Porting the Mender client to Orange Pi | guest blog post

This is a guest blog post from one of our valued community members, Marek Belisko, on porting the Mender over-the-air software update solution to the Orange Pi.

This blog is a short summary about porting Mender to a new hardware platform, the Orange Pi. Mender officially supports the hardware platforms Raspberry Pi and the BeagleBone Black as reference devices. I read about Mender a few months ago as an open source alternative for OTA updates and I browsed their webpage and chose to try it. I have worked with a few update systems, both open source and proprietary solutions. Given Mender’s permissive open source license for both the management server and client, I can use it on my upcoming projects.

After some months, I was regularly browsing the Mender documentation and asked for support with some issues on the Mender mailing list. I have a regular full-time job, but for recreation (and increasing my knowledge), I’m doing some tasks a few evenings a week. A few weeks ago, I created a simple Yocto build for Orange Pi PC Plus board. I used an existing layer to add support for the new hardware and added the driver for WiFi and that was basically it. After finishing this, I was asked if I can try to port the Mender client to the Orange Pi PC Plus board. Since Mender directly integrates to the Yocto build system (which I’m using/hacking almost on a daily basis), I thought that it should not be a big challenge to port.

When I read the Mender documentation, I was impressed that it was really well structured and clean so I can get a quick and intuitive overview. As a starting point, I’ve added meta-mender to the orange-pi-distro and adapt local.conf according to the documentation. Luckily, the Orange Pi is already supported by mainline u-boot and kernel. Also by coincidence, I started to port a few days after Christmas by using Mender 1.3 which automated u-boot patching. I must admit it works very fine for my case. I did no manual (hand-editing) u-boot patching, only a small change in Makefile to have the env tools build properly. When I ran the build, it was nearly finished without problems but everything cannot be so smooth -- there appeared to be one issue with creating the image for the SD card using wic tool (Yocto tool for creating images). The error was very strange and admittedly I spent a lot of time trying to find the root cause of the issue. After few hours of getting nowhere, I asked for support on the Mender community mailing list. I got a few pointers and after a few attempts, I had working the SD card image which I burned, but unfortunately didn't boot.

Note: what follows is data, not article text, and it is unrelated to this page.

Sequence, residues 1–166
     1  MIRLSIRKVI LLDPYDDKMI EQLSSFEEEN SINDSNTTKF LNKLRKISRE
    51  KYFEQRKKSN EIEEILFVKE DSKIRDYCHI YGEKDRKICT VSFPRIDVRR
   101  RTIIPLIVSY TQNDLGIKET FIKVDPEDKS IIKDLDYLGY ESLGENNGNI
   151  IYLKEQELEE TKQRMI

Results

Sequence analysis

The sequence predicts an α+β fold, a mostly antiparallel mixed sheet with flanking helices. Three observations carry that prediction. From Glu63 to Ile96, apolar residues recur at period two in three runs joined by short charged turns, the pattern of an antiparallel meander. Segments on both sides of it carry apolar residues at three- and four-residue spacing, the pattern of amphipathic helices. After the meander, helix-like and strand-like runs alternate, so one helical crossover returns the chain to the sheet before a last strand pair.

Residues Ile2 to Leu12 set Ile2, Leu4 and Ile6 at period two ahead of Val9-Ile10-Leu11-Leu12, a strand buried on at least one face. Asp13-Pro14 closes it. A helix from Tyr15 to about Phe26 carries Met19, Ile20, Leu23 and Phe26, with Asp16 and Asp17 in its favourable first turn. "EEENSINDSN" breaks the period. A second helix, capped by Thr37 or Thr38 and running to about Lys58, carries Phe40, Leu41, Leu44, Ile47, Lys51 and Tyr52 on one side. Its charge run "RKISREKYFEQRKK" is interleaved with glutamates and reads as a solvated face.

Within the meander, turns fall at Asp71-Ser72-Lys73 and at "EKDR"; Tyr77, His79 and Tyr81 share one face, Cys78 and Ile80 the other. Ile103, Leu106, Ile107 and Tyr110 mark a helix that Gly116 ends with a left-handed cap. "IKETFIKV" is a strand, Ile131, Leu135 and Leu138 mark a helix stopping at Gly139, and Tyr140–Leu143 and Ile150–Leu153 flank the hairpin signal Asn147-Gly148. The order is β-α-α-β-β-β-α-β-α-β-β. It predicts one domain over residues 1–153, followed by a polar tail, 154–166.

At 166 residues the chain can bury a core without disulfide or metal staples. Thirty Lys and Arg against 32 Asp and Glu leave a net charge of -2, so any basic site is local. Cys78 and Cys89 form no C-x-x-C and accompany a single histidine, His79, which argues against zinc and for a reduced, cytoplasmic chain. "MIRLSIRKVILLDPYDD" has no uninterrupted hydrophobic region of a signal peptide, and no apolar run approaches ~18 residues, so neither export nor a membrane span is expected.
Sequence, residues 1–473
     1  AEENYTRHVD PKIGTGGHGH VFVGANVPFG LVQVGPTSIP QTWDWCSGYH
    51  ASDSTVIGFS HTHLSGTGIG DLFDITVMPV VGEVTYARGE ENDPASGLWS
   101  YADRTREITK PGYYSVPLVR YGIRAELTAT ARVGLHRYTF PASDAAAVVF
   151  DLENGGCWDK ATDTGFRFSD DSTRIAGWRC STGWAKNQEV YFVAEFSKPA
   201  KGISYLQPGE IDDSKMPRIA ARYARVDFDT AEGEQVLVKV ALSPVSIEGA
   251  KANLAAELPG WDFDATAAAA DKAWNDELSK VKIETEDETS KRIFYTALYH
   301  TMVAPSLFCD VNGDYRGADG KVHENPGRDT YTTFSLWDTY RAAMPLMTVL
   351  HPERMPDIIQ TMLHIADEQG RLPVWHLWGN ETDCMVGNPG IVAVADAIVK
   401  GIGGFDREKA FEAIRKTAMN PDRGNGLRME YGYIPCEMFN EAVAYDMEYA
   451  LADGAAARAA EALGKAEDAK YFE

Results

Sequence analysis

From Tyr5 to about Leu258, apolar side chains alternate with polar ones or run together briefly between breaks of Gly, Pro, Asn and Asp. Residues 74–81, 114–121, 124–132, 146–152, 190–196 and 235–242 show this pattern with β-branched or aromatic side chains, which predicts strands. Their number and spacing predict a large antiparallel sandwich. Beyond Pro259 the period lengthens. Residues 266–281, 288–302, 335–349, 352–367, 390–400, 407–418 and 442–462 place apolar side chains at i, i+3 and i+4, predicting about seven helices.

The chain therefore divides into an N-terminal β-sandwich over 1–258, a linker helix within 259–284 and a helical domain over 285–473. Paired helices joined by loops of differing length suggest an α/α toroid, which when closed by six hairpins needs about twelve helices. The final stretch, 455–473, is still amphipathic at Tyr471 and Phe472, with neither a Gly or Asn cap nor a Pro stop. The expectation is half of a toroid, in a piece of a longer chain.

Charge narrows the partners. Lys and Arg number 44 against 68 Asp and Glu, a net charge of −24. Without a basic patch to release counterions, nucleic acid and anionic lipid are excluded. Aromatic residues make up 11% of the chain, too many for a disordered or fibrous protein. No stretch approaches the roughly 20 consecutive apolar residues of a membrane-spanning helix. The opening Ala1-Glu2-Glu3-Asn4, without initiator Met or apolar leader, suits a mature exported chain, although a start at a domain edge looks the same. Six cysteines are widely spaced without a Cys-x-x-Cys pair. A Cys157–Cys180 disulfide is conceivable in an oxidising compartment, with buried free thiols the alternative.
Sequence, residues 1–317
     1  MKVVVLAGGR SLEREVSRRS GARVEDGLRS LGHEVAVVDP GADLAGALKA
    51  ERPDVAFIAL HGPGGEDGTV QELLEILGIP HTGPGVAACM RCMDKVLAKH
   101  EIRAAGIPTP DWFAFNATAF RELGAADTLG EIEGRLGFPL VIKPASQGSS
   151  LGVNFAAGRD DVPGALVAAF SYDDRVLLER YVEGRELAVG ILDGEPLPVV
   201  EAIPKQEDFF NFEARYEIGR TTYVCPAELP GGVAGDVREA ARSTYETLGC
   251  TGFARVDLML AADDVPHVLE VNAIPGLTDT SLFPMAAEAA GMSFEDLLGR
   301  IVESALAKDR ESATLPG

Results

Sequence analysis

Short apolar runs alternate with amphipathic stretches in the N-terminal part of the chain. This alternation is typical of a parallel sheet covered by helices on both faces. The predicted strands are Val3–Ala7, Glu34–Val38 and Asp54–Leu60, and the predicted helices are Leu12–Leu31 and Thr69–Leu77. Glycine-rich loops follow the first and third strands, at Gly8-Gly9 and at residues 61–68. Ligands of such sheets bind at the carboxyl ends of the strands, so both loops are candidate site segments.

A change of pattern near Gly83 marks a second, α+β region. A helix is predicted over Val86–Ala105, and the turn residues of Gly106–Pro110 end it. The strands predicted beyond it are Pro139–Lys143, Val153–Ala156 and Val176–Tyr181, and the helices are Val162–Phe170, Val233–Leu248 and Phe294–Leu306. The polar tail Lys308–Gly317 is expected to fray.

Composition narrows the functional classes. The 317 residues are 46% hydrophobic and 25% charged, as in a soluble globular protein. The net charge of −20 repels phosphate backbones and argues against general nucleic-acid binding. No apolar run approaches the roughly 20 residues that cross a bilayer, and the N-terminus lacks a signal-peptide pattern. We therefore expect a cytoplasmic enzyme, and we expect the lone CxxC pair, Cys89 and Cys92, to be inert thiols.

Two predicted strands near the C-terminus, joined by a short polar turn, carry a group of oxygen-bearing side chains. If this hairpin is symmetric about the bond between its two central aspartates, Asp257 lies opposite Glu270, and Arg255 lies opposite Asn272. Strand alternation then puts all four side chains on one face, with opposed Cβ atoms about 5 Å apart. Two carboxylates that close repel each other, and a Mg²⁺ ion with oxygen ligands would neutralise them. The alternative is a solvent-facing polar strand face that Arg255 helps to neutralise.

The problem was the first stage bootloader must be stored directly in the SD card and not in the boot partition. I asked another question on the mailing list (when I read the documentation properly it was already written there ;) ). I got a reply really quickly and after a few attempts I had a bootable SD card which booted and Mender was up and running. The next step will be to check the Mender functionality by using dummy updates. For that, I signed up for the beta of Hosted Mender and look forward to test OTA updates by using Mender. This is my brief story how I ported Mender to a new board. For my work, there is already a pending pull request on GitHub.

It was really a pleasure to work with the Mender community!

Just as a side note, some words about me: I’m a freelance developer with a passion to hack Linux devices from u-boot, kernel to applications (C, C++, shell scripting) and I also like hacking Yocto. This is my personal webpage.


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